By iA Private Wealth, April 12, 2023 When you get a tax refund, it’s very tempting to see it as a windfall you can guiltlessly spend on things you want rather than need. And while there’s usually no harm in setting at least part of it aside for such expenditures, the reality is that, for most Canadians, the lion’s share of the refund is best used in other ways. 5 ways to allocate your tax refund Pay down debt. Sending money to creditors isn’t much fun, but it may help relieve some anxiety by reducing your debt obligations (mortgage, credit card bills, car loan, lines of credit, etc.). Especially with today’s higher interest rates, paying down debt can have a huge impact on your finances, leaving you with significantly more money in your pocket. Invest for the future. Using a tax refund to invest is a proven way for money to earn its own money, which can help build long-term wealth. Your Investment Advisor can help you decide which investments are most appropriate for your objectives, risk tolerance and time horizon. Investing in a registered vehicle like an RRSP, TFSA or RESP also provides the benefit of tax-advantaged growth. Contribute to an emergency fund. Whether you already have an emergency fund or want to start one, putting away some money for a “rainy day” can be a great use of your tax refund. It’s typically recommended to have several months of expenses in an emergency fund, in case you lose your job, experience a death or major illness in the family, or need urgent home or vehicle repairs. Donate to charity. The pandemic put a spotlight on the struggles many people face, and how many organizations that commit to helping others deserve greater financial support. When you dedicate some of your tax refund to charitable causes that hold meaning for you, not only are you helping people in need, but you also earn donation tax credits that can lower your future taxes. Enjoy yourself. As mentioned, it’s often okay to spend some of your tax refund on something pleasurable, like a short trip with the family, a nice night out or a little retail therapy. Just know that your tax refund isn’t “found money.” It’s yours to start with and should be used wisely. In fact, getting a big refund may indicate that you paid too much tax during the year, such as from your paycheques. An advisor can provide guidance on how to ask your employer to deduct less tax from your pay. Sure, that’ll reduce your refund, but instead of waiting for a lump-sum amount you’ll be gaining access to your money throughout the year, which can help you invest regularly or pay down bills sooner. We can help you with a wealth plan that addresses tax efficiency, so contact us today.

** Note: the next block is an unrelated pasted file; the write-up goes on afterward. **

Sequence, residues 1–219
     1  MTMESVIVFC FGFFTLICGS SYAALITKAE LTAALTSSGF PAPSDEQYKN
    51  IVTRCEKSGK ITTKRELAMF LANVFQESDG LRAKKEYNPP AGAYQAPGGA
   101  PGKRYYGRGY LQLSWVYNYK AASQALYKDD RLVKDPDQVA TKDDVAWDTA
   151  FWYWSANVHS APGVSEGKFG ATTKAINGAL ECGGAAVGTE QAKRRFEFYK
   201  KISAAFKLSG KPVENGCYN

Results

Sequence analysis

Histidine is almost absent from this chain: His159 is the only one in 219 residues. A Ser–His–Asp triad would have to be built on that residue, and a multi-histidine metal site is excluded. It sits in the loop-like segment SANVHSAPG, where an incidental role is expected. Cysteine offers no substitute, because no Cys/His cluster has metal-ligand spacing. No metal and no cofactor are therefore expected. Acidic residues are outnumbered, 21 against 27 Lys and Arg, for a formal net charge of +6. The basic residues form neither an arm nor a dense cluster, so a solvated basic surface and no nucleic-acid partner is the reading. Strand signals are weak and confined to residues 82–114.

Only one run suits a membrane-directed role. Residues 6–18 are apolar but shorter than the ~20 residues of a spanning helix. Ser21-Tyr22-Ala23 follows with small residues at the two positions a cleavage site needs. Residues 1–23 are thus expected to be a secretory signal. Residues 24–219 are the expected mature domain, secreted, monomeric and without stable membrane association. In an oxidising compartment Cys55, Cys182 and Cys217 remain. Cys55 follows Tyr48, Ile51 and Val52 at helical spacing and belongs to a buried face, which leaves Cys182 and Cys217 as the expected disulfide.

New Tax-Advantaged Account for First-Time Homebuyers